Tourists with posters seek couch

The Occupy Abai encampment in centeral Moscow. Source: Ilya Varlamov

The Occupy Abai encampment in centeral Moscow. Source: Ilya Varlamov

Political vacationers from all over Russia in pursuit of protests and a view of history head for a different kind of hotspot.

Turbulent times have spawned a new type of tourism with young vacationers following anti-government demonstrations. As protests move from city to city, any corner of the country may become a popular destination for the new “political tourist.”

Tatyana, (who preferred to give only her first name), works as a kindergarten teacher in her native Ulyanovsk. Her friend Aleksey, a Muscovite she met in Astrakhan, encouraged her to come to Moscow and see for herself what was happening. "He helped me to travel here," Tatyana points to Aleksey. "I especially planned my vacation to Moscow so that it would coincide with the "March of Millions" in order to show that there are concerned people outside the capital," Tatyana said. 

Aleksey is all smiles, "The main thing is not getting one girl involved, but demonstrating to the entire world the principle of one for all and all for one." 

On the eve of the protest, Aleksey showed his like-minded friend from Ulyanovsk the sites that have become testaments to the protests, for example, Chistye Prudy. Tatyana wanted to see what would happen on the square in front of the State Duma building, where just before a rally opposition members of parliament staged a demonstration.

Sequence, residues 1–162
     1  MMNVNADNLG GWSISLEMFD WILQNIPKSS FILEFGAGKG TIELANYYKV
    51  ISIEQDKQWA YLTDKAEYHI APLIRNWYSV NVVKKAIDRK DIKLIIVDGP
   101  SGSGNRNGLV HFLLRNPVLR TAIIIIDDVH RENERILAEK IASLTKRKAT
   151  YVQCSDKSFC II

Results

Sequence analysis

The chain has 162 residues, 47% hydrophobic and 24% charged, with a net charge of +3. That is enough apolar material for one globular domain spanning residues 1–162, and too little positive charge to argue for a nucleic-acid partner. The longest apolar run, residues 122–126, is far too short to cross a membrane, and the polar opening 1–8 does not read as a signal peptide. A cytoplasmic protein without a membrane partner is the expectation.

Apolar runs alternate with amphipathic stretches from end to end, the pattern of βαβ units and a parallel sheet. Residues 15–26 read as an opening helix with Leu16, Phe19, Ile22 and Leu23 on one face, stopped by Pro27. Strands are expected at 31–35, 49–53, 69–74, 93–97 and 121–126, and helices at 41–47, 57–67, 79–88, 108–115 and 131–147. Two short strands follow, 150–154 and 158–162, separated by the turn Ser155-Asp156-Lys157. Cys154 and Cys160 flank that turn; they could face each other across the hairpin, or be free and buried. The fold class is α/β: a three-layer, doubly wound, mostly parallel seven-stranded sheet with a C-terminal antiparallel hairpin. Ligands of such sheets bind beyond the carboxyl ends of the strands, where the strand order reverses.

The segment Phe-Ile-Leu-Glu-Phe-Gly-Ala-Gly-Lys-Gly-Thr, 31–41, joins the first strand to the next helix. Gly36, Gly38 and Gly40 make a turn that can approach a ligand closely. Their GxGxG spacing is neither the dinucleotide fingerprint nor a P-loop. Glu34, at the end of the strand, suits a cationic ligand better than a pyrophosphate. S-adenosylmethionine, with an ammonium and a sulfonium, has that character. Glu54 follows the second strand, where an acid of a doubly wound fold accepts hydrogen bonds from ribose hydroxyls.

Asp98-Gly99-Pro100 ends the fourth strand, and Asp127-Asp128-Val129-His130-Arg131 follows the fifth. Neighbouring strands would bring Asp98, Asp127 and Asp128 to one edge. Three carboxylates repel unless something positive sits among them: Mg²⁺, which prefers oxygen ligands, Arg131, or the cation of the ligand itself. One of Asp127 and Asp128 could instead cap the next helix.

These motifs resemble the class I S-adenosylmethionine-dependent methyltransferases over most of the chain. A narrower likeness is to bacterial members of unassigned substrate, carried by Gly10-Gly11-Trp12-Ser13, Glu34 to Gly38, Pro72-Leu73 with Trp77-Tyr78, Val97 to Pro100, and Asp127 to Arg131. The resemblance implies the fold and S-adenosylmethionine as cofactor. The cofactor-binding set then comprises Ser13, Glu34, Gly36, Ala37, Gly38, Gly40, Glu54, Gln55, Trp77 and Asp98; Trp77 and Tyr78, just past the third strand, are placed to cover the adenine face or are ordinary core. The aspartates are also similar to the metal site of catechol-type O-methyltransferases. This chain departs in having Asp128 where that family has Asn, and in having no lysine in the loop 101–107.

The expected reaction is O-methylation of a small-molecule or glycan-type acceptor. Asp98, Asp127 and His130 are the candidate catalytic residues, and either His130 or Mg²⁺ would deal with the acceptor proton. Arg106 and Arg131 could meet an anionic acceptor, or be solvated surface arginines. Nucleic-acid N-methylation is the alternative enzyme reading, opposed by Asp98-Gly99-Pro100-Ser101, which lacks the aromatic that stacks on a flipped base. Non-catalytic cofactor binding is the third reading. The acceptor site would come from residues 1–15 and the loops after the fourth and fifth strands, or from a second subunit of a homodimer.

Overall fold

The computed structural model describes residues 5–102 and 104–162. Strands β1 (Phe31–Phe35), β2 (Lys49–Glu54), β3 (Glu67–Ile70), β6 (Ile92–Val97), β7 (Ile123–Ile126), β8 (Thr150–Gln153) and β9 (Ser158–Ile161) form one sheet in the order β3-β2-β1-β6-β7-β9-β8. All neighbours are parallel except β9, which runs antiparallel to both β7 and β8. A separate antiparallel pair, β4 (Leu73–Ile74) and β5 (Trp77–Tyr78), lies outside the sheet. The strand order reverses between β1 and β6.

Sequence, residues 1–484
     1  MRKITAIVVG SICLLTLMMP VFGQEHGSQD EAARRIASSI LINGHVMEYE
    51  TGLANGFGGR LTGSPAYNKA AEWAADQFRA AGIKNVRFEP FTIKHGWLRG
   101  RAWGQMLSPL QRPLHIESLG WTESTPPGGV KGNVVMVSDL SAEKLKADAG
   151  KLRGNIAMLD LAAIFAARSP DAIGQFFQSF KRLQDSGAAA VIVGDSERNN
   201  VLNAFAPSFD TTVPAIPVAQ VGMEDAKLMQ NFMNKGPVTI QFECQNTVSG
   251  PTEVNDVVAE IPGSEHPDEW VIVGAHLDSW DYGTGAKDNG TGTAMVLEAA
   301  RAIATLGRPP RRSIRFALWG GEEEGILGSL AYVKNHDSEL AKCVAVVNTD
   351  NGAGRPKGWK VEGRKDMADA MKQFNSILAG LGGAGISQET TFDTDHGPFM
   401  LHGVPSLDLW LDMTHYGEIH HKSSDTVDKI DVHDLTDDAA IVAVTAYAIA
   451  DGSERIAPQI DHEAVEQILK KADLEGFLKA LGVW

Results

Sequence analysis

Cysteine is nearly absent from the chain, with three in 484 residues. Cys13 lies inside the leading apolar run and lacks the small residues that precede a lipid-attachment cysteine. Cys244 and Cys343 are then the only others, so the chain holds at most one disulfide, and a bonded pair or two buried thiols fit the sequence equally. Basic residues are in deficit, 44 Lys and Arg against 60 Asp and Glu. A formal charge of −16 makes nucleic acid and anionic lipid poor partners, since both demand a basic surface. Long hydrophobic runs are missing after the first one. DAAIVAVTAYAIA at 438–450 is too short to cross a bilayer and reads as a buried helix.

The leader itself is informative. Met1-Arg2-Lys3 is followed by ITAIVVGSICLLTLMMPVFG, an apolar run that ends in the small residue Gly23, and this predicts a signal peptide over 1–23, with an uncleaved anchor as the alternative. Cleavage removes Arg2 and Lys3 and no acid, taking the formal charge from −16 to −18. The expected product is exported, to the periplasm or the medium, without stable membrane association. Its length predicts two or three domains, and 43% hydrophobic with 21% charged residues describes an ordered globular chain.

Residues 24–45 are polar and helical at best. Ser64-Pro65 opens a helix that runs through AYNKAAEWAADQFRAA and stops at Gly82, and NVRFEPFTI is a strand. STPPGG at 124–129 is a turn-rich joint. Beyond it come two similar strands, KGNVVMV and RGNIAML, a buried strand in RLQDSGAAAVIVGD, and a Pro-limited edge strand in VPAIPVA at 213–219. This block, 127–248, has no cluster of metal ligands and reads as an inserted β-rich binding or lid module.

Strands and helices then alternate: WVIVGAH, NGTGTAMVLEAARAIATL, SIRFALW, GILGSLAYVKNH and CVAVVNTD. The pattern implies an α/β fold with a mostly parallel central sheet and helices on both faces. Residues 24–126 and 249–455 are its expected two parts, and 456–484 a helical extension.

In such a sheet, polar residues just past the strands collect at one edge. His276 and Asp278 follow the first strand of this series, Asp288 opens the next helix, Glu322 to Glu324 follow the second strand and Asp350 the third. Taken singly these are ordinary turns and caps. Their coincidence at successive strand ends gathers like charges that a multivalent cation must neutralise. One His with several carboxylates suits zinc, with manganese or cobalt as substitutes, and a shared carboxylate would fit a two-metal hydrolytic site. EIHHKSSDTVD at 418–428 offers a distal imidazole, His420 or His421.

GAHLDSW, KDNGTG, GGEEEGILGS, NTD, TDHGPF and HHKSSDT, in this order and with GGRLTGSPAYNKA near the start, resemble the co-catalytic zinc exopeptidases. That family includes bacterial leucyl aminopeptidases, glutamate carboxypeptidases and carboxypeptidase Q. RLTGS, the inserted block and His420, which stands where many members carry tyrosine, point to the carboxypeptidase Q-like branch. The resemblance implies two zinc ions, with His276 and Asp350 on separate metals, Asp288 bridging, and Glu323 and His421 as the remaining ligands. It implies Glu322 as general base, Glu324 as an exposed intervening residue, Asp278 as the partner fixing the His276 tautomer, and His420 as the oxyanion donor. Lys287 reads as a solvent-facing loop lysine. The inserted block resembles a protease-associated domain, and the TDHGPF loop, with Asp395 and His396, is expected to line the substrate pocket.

Young people learn about other youth from the regions. Political vacationers from the Stavropol Region, in order to make their presence known in the "March of Millions," brought their regional flag to the event. 

Moscow has been seeing political tourists since the spring, and the first surge occurred in May. According to the Moscow police, of the 30 opposition camp participants who were arrested on May 16 near the Barrikadnaya Metro Station, "practically half were not Muscovites."

A new wave of regional activists and political tourists joined the June 12 "March of Millions." More than 10,000 people confirmed their participation in the protest on the event's V kontakte (Russia’s Facebook) page a week before the event. Nearly half of them were from other regions.

"Regional activists have brought their resource to the capital: large-scale involvement," said Alexey Makarkin, vice-president of the Center for Political Technologies.

Muscovites have their own assets: an active presence on the Internet and the ability to bring a local topic to the attention of the nation and to attract the attention of the federal mass media.

But these days, the capital city’s opposition, which is frequently accused of being disconnected from the rest of Russia, is interested in getting its word out to the regions.

Traveling for solidarity first, sightseeing second